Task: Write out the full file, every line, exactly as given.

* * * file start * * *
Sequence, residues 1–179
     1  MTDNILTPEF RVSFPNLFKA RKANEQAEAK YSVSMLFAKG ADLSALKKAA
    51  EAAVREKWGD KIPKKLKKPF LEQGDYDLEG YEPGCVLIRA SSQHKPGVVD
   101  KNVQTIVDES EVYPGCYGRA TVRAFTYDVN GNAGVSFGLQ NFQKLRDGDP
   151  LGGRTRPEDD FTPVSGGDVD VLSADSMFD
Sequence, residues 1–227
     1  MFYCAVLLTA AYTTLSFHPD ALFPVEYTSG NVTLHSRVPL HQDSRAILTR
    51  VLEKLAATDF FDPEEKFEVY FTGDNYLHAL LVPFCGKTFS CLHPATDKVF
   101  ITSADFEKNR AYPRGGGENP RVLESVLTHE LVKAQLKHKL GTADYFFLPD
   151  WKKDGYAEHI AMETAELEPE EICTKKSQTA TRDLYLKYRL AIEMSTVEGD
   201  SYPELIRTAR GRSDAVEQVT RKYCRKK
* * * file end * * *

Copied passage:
Sequence, residues 1–179
     1  MTDNILTPEF RVSFPNLFKA RKANEQAEAK YSVSMLFAKG ADLSALKKAA
    51  EAAVREKWGD KIPKKLKKPF LEQGDYDLEG YEPGCVLIRA SSQHKPGVVD
   101  KNVQTIVDES EVYPGCYGRA TVRAFTYDVN GNAGVSFGLQ NFQKLRDGDP
   151  LGGRTRPEDD FTPVSGGDVD VLSADSMFD
Sequence, residues 1–227
     1  MFYCAVLLTA AYTTLSFHPD ALFPVEYTSG NVTLHSRVPL HQDSRAILTR
    51  VLEKLAATDF FDPEEKFEVY FTGDNYLHAL LVPFCGKTFS CLHPATDKVF
   101  ITSADFEKNR AYPRGGGENP RVLESVLTHE LVKAQLKHKL GTADYFFLPD
   151  WKKDGYAEHI AMETAELEPE EICTKKSQTA TRDLYLKYRL AIEMSTVEGD
   201  SYPELIRTAR GRSDAVEQVT RKYCRKK